COLUMN: Greg Scott on Nelson in January, 1918: Dancing at the Hume to an election

January,1918 - From New Year’s Day to an election

JANUARY 1918

Dateline January 1, 1918

All the whistles and bells in the city ushered in the New Year last night at 12 o’clock. All along the mountainside city site, bells clattered and locomotive whistles added to the din of greeting for 1918. Along the lake shore the factory whistles got in the music with shrill shrieks seemingly dedicated to the last knell of the parting year. On the Lake the Nasookin spoke for the waterway. Weather last evening indicated a mild day in the city. The snow melted Monday and early this morning the streets were slushy. Skating on the lake will not enter into the day’s fun. Dances at the Hume and the opening of the Strathcona Hotel under new management will be the drawing cards for pleasure seekers during the evening. Special films have been arranged for at the local theatres and parties probably will be the chief events of the first day of the New Year.

Dateline January 4, 1918

Proportional representation with its complex and involved method of counting votes will be tried out in Nelson January 17 at the civic elections. In the mayoralty contest there is no particular difficulty, as only one position has to be filled. But there are six aldermanic vacancies, two school board vacancies and two places to be filled on the board of police commissioners. There has been a great deal of discussion with regard to voting for alderman, as only one first choice, one second choice and so on may be expressed by each voter. Probably only first and second, with possibly third choice will count as far as the practical result goes. To give the public some insight into the method of voting, a “dummy” election will be held early next week. The “dummy” election will be carried out through the school with students asked to take home “specimen” ballots for their parents to mark. The children will then return the ballots and they will be counted at City Hall.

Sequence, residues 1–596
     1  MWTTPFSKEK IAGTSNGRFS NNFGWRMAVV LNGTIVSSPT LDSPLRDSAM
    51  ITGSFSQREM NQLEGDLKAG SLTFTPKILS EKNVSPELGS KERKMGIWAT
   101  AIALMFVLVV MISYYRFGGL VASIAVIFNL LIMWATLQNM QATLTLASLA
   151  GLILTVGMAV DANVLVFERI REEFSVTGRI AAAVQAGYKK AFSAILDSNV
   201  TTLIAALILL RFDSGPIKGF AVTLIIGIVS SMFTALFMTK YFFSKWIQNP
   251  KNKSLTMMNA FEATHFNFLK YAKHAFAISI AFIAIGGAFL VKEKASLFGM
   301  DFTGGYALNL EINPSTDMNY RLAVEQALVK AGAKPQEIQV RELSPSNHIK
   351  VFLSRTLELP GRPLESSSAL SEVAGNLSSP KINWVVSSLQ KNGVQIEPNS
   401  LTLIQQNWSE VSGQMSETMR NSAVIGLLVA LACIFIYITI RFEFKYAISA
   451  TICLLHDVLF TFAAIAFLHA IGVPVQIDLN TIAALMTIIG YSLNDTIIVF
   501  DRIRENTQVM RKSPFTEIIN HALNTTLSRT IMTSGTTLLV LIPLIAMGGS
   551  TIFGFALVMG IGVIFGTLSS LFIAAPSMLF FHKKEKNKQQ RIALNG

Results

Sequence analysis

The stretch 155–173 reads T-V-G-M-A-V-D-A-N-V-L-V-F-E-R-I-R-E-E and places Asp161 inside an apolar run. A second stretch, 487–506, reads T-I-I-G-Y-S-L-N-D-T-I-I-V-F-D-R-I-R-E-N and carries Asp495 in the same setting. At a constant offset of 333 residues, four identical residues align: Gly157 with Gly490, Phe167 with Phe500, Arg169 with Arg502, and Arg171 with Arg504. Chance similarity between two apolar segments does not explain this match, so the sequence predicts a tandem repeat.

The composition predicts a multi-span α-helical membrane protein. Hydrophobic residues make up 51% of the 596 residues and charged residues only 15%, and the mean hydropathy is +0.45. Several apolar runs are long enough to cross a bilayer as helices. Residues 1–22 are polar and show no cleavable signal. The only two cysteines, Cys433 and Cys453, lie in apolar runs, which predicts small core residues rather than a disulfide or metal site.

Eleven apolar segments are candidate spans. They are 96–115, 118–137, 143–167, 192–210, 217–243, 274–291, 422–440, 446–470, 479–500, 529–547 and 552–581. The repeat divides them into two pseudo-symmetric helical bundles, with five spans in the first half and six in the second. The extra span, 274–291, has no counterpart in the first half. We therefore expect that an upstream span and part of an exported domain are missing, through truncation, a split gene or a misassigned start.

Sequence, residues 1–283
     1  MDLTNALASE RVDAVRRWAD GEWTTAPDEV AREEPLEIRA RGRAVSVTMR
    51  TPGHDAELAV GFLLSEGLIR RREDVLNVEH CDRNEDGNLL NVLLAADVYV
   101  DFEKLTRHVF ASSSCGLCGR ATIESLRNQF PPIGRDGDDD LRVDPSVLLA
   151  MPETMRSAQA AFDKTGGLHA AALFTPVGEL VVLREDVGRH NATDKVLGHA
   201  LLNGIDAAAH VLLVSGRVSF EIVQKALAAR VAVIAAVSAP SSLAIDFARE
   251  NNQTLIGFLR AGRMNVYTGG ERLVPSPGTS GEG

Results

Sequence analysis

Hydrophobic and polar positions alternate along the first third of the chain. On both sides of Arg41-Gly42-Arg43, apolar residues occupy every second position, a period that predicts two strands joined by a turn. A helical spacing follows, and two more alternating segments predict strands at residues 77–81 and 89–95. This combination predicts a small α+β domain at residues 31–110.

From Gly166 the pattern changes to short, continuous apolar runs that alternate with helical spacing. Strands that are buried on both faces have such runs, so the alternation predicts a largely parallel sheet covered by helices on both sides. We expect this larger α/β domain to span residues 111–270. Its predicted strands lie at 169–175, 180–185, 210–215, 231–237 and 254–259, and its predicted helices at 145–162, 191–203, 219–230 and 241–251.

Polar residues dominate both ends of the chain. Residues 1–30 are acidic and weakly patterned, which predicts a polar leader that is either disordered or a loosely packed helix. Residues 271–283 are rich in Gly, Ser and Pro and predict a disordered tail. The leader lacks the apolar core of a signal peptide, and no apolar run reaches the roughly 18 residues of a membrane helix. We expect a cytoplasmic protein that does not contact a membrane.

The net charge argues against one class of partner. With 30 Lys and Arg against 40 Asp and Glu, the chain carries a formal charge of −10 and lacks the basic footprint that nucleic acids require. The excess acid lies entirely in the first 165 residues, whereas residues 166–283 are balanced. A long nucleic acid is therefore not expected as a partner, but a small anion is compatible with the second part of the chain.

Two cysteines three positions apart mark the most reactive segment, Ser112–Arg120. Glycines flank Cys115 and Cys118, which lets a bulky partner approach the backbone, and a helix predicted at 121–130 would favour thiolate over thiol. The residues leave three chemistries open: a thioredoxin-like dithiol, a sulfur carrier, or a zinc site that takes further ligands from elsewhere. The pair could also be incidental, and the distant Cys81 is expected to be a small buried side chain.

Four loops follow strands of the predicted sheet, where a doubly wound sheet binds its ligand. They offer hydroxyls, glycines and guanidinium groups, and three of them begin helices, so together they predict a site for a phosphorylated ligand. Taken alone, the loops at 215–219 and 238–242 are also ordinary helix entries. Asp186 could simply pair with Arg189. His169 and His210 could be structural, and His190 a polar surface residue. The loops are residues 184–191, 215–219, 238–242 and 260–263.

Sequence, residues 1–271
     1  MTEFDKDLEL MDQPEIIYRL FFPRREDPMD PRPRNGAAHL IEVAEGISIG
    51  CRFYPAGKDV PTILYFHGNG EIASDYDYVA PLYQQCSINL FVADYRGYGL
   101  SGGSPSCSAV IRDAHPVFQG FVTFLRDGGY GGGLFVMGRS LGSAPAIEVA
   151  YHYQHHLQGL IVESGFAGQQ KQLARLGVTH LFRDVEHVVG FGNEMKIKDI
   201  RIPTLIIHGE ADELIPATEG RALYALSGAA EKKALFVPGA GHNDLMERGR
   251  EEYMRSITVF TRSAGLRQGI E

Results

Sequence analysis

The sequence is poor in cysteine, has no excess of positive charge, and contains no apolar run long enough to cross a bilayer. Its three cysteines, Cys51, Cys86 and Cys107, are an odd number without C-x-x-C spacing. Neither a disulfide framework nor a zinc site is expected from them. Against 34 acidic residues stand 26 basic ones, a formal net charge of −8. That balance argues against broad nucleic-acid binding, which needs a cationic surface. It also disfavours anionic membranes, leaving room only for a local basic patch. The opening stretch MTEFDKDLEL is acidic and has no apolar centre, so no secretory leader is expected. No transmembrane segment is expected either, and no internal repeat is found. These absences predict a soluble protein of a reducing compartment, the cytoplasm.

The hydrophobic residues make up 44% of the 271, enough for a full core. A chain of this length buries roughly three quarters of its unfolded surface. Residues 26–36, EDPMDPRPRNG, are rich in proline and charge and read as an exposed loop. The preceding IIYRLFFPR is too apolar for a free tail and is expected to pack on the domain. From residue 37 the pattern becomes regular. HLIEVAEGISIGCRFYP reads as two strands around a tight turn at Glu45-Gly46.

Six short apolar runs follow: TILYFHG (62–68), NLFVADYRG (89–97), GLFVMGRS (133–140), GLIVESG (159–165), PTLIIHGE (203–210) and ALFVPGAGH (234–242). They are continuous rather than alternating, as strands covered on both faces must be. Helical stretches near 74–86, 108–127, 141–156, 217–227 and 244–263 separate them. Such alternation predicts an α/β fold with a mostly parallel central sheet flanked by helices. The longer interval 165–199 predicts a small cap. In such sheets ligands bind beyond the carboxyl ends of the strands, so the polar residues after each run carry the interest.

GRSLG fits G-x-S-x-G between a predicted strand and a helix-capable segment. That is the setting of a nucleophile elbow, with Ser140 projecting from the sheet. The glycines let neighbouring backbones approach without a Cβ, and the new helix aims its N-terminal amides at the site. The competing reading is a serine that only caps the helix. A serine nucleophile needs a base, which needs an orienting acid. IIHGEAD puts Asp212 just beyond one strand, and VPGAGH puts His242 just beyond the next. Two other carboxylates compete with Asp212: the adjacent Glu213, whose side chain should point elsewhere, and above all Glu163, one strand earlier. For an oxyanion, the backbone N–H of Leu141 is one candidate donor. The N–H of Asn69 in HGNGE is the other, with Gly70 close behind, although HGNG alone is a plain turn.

Dateline January 8, 1918

Men in the city, who are eligible for the army under the Military Service Act, are receiving notification to report for duty. The orders are being received by registered mail and so far as could be learned in the city last evening each summons calls for report for service in person before noon January 10 at the headquarters of the depot battalion at Willows Camp at Victoria. Several men will leave this morning for the capital city. The notice entitles the holder to transportation on presentation at the local ticket office at the Kettle Valley station. Three days subsistence is also provided for by notation on the order which will be recognized on trains and boats. Failure to obey the order renders one liable to punishment in the civil courts as well as making one subject to be taken into custody at any time on the score of a military offender.

Dateline January 8, 1918

J.A. McDonald announced last night that he proposed to open a cider factory in Nelson. He has ordered the machinery. “I believe that a cider factory will be of great benefit to the ranchers as it will provide a market for their cull apples. In addition it will fill the needs of the district for temperance cider which have increased greatly since prohibition came into effect,” said McDonald.

Dateline January 18, 1918

M.R. McQuarrie was elected mayor of the city by a majority of 67 over his opponent, J.E. Annable, after a keenly contested fight which lasted until the closing hours. The first choice ballots for alderman, which, observers pointed out, did not have the same significance as a straight vote under the ordinary system, which elected all six aldermen. Just how the voting worked out under the proportional representation scheme has not yet been analyzed. In that no figures are available to show how many second, third, fourth, fifth and other choices each candidate received. One of the effects of the new plan was to reduce the first choice vote of Dr. Rose. Scores of supporters stated during the day that they had not given their first choice to the doctor because they knew he would certainly be elected and that their first choice ballots would therefore be more valuable if cast for some other member.

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